In 1914, just before the start of World War I, Einstein settled in Berlin as professor at the local university and became a member of the Prussian Academy of Sciences. He took German citizenship. His pacifism and Jewish origins irritated German nationalists. After he became world-famous, nationalistic hatred of him grew and for the first time he was the subject of an organized campaign to discredit his theories. From 1914 to 1933, he served as director of the Kaiser Wilhelm Institute for Physics in Berlin, and it was during this time that he was awarded his Nobel Prize and made his most groundbreaking discoveries.

Einstein divorced Mileva on February 14, 1919, and married his cousin Elsa Löwenthal (née Einstein: Löwenthal was the surname of her first husband, Max) on June 2, 1919. Elsa was Albert's first cousin (maternally) and his second cousin (paternally). She was three years older than Albert, and had nursed him to health after he had suffered a partial nervous breakdown combined with a severe stomach ailment. There were no children from this marriage. The fate of Albert and Mileva's first child, Lieserl, is unknown: some believe she died in infancy, while others believe she was given out for adoption. Eduard was institutionalized for schizophrenia and died in an asylum, while Hans became a professor of hydraulic engineering at the University of California, Berkeley, having little interaction with his father. In 1922, Einstein and his wife Elsa boarded the SS Kitano Maru bound for Japan. The trip also took them to other ports including Singapore, Hong Kong and Shanghai.

General relativity

"Einstein theory triumphs," declared the New York Times on November 10, 1919.

In November 1915, Einstein presented a series of lectures before the Prussian Academy of Sciences in which he described his theory of general relativity. The final lecture climaxed with his introduction of an equation that replaced Newton's law of gravity. This theory considered all observers to be equivalent, not only those moving at a uniform speed. In general relativity, gravity is no longer a force (as it is in Newton's law of gravity) but is a consequence of the curvature of space-time.

The theory provided the foundation for the study of cosmology and gave scientists the tools for understanding many features of the universe that were discovered well after Einstein's death. A truly revolutionary theory, general relativity has so far passed every test posed to it — unlike many other scientific theories — and become a method of perceiving all of physics.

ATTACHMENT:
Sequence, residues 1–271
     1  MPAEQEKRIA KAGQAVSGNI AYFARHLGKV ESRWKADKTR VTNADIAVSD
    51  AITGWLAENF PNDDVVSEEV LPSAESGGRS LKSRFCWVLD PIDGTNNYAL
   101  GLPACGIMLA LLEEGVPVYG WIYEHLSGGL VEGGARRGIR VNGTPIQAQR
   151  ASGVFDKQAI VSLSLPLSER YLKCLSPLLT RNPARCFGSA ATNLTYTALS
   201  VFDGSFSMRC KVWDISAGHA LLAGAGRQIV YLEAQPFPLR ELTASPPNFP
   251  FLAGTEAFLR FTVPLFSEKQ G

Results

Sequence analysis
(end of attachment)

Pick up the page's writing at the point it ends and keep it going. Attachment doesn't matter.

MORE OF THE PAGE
Initially, scientists were skeptical because the theory was derived by mathematical reasoning and rational analysis, not by experiment or observation. But in 1919, predictions made using the theory were confirmed by Arthur Eddington's measurements (during a solar eclipse), of how much the light emanating from a star was bent by the Sun's gravity when it passed close to the Sun. On November 7, The Times reported the confirmation, cementing Einstein's fame.

However, many scientists were still unconvinced for various reasons, ranging from disagreement with Einstein's interpretation of the experiments, to not being able to tolerate the absence of an absolute frame of reference. In Einstein's view, many of them simply could not understand the mathematics involved. Einstein's public fame which followed the 1919 article created resentment among these scientists, some of which lasted well into the 1930s.

In the early 1920s, Einstein was the lead figure in a famous weekly physics colloquium at the University of Berlin. On March 30, 1921, Einstein went to New York to give a lecture on his new theory. In the same year, he was finally awarded the Nobel Prize. Though he is now most famous for his work on relativity, it was for his earlier work on the photoelectric effect that he was given the Prize, because his work on relativity was still disputed and the Nobel committee decided that citing his less-contested theory would be a better political move.

The "Copenhagen" interpretation

Einstein's relationship with quantum physics was quite remarkable. He was the first to say that quantum theory was revolutionary. His idea of light quanta, now known as photons, marked a landmark break with the classical physics. In 1909, Einstein presented his first paper to a gathering of physicists and told them that they must find some way to understand waves and particles together.

In the mid-1920s, as the original quantum theory was replaced with a new quantum mechanics, Einstein balked at the Copenhagen interpretation of the new equations because it settled for a probabilistic, non-visualizable account of physical behavior. Einstein agreed that the theory was the best available, but he looked for a more "complete" explanation, i.e., more deterministic. He could not abandon the belief that physics described the laws that govern "real things", the belief which had led to his successes with atoms, photons, and gravity.

In a 1926 letter to Max Born, Einstein made a remark that is now famous:

Quantum mechanics is certainly imposing. But an inner voice tells me it is not yet the real thing. The theory says a lot, but does not really bring us any closer to the secret of the Old One. I, at any rate, am convinced that He does not throw dice.

To this, Bohr, who sparred with Einstein on quantum theory, retorted, "Stop telling God what He must do!" The Bohr-Einstein debates on foundational aspects on quantum mechanics happened during the Solvay conferences.

It was not a rejection of probabilistic theories per se—Einstein had used statistical